10Mbps BPSK ZIF transceivers for 1.2GHz, 2.3GHz and 3.4GHz

Matjaz Vidmar, S53MV

4. Supply and RX/TX switching

The three different versions of the BPSK transceiver for the 1.2GHz, 2.3GHz and 3.4GHz frequency bands require many different supply voltages. Most of the low-level electronics operates continuously on +3.3V. The LNA only operates while receiving on +12VRX. The medium-level transmitting stages operate on +5VTX. The 1.2GHz and 2.3GHz transmitting power amplifiers operate on +12VTX. The 3.4GHz transmitting power amplifier requires an additional regulator from +12VTX to +5VTX. All RX/TX supply switching has to be fast enough to avoid slowing down the packet-radio communication protocol, for 10Mbps operation in less than 10 microseconds.

The +12VRX and +12VTX supplies are switched with PNP transistors driven by the /PTT signal (open collector) from the TNC. It is assumed that the TNC includes a hardware watchdog to prevent continuous transmission.

Further the module includes the modulator driver buffering the TXM signal (from the TNC data scrambler) to the appropriate level. The MOD signal is suppressed during reception to avoid unwanted crosstalk. Finally the modulator drive MOD goes through a low-pass filter. The MOD low-pass filter includes two series inductors and one parallel capacitor. The first inductor is located in the supply switch while the capacitor and second inductor are located in the BPSK modulator. The component values are 470nH-330pF-470nH for 10Mbps and 2.2uH-1.5nF-2.2uH for 2Mbps. The MOD signal level is adjustable around 0.5Vpp with a 220ohm trimmer and should have no DC bias.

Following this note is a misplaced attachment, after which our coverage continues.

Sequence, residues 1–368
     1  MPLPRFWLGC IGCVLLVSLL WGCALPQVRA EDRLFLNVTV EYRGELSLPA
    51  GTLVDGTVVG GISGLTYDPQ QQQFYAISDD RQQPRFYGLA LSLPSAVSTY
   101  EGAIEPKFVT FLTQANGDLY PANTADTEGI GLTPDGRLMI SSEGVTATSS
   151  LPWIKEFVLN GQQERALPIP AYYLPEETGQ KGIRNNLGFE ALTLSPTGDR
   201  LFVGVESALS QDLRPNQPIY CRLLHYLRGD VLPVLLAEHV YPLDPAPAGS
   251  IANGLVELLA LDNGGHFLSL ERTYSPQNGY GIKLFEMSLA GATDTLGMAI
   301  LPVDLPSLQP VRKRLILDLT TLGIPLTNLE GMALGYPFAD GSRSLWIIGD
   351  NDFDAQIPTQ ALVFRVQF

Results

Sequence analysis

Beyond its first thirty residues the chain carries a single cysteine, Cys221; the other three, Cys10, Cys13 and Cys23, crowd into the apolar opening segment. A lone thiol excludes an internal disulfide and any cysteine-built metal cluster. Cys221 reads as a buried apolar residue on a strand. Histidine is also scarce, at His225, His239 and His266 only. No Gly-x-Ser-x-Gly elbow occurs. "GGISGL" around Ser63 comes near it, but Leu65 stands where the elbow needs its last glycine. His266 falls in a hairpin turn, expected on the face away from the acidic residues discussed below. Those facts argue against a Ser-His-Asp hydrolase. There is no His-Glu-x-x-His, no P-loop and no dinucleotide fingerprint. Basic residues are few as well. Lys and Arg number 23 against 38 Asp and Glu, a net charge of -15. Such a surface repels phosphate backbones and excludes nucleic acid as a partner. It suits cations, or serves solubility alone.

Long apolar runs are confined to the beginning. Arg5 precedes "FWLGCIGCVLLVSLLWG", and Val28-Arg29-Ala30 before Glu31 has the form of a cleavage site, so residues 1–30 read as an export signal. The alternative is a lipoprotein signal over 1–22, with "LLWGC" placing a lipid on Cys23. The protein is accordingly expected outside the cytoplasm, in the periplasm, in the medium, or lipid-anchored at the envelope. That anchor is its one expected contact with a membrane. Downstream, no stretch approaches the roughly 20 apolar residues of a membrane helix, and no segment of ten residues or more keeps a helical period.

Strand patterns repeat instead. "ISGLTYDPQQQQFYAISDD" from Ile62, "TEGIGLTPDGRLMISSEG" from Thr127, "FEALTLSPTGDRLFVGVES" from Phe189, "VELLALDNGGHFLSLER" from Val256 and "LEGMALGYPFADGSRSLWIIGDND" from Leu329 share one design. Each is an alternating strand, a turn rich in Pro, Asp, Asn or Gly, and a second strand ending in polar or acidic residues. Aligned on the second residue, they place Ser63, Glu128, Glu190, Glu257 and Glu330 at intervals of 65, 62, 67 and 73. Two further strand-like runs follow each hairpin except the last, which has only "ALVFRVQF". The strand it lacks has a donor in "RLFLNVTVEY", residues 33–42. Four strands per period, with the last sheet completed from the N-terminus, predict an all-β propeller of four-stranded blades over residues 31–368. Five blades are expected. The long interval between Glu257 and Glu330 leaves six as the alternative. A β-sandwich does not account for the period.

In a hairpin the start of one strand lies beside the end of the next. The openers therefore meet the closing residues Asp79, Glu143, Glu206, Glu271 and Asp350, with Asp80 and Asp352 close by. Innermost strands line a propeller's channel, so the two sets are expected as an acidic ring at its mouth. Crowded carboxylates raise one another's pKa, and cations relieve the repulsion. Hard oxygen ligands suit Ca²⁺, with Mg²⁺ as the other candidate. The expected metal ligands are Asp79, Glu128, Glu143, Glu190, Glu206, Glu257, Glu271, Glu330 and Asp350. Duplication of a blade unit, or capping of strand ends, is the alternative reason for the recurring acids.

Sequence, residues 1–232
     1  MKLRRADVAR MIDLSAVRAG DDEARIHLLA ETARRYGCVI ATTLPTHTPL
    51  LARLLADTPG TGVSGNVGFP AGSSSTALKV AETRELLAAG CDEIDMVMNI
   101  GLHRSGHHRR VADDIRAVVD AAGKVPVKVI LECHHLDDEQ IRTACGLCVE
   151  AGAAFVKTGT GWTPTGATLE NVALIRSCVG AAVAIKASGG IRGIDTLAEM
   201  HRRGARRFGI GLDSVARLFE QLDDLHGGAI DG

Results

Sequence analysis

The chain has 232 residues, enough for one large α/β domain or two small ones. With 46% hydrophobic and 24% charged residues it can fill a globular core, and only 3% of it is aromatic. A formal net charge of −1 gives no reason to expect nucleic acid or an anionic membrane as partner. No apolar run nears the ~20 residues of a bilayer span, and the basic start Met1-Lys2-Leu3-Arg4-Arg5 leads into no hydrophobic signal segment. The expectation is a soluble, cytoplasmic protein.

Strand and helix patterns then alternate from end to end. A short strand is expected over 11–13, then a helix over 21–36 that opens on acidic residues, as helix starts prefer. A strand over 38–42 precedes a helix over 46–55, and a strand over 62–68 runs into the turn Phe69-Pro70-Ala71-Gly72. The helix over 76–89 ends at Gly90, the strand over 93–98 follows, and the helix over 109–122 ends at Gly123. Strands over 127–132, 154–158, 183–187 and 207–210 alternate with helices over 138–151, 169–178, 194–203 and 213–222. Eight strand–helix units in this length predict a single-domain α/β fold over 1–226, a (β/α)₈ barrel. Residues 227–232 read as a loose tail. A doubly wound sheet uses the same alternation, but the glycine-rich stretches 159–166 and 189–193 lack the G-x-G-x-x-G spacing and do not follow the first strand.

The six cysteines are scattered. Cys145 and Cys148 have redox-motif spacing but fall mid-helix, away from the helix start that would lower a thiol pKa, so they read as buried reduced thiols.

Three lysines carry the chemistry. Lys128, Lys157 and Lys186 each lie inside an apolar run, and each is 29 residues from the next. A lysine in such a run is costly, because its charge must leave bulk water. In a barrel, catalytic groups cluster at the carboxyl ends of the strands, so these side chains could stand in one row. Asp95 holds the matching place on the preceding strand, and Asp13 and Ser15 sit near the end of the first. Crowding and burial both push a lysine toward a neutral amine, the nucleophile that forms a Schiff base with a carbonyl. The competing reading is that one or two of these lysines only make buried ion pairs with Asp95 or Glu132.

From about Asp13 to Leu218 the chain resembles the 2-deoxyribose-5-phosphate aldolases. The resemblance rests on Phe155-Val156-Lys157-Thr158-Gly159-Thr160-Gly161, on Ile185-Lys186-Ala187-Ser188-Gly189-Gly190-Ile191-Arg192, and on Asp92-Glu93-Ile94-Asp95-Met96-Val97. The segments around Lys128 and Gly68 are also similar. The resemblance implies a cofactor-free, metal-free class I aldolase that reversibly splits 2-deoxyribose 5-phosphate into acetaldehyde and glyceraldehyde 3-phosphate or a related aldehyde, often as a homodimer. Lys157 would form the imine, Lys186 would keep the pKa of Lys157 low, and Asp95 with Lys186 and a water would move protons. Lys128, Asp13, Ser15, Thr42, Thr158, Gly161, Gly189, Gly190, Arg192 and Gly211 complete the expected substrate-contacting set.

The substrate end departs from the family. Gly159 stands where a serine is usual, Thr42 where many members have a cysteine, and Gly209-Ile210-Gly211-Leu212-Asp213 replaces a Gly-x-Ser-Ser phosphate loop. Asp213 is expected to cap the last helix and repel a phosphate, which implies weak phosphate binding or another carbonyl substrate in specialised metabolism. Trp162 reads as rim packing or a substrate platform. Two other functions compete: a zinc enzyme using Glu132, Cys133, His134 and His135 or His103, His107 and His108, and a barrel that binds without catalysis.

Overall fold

The same switching module was used in earlier BPSK transceiver. It includes a 18V-1W zener for overvoltage protection and two LEDs to indicate RX or TX operation:


The supply switch is built on a single-sided printed-circuit board to be installed behind the front panel:


About 10mA can be saved using high-efficiency LEDs and increasing the series resistors form 820ohm to 10kohm:


The BD434 PNP transistor, the 470uF electrolytic capacitor, the 220ohm trimmer, the connector and both LEDs are installed on the top side of the printed-circuit board:


A simple version of the BPSK transceiver includes just a linear regulator 78M05 for both the continuous +3.3V supply and the switched +5VTX supply. The +3.3V supply is obtained from +5V through two silicon diodes. The +5VTX supply is switched with a STD20NF20 power NMOS transistor:


The linear regulator is built on a single-sided printed-circuit board to be screwed directly to the case bottom for cooling, since its total power dissipation amounts to 2.5W during reception and even more during transmission:


The total current drain at 12V of a BPSK transceiver with a linear regulator and standard LEDs amounts to about 280mA during reception and much more during transmission. If a switching regulator is used for +3.3V together with high-efficiency LEDs, the total current drain can be reduced to 100mA during reception. It makes little sense to use a switching regulator for transmission, since most of the current drain is on the +12VTX rail to supply the PTFC270101M power LDMOS.

A suitable switching regulator from +12V to +3.3V is the AOZ1016. This IC includes a switching PMOS transistor and schottky diode. Operating at 500kHz it does not cause interference to any circuit of the receiver. The +5VTX supply is obtained from a 78M05 without any input or output capacitors to speed up RX/TX switching:


The switching regulator is built on a single-sided printed-circuit board to be screwed directly to the case bottom for cooling, although its power dissipation is much smaller than its linear counterpart:


The 3.4GHz transceiver requires an additional 7805 regulator in a TO-220 package from +12VTX to +5VTX for the RF front end. Since the current drain of the latter is typically 1.4A, this additional 7805 regulator dissipates around 10W and has to be screwed directly to the bottom of the case. Again no input nor output capacitors are used to speed up RX/TX switching.